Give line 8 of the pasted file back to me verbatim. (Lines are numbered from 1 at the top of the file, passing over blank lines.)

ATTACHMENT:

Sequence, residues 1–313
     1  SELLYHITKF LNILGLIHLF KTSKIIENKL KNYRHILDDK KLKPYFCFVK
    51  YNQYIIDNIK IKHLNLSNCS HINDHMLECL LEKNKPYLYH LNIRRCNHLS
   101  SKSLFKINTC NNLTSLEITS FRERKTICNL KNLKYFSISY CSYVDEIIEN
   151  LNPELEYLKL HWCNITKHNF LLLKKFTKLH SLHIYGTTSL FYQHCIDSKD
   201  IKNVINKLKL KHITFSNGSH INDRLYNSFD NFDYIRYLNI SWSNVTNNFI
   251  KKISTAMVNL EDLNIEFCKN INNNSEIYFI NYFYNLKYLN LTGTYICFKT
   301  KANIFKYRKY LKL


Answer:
   301  KANIFKYRKY LKL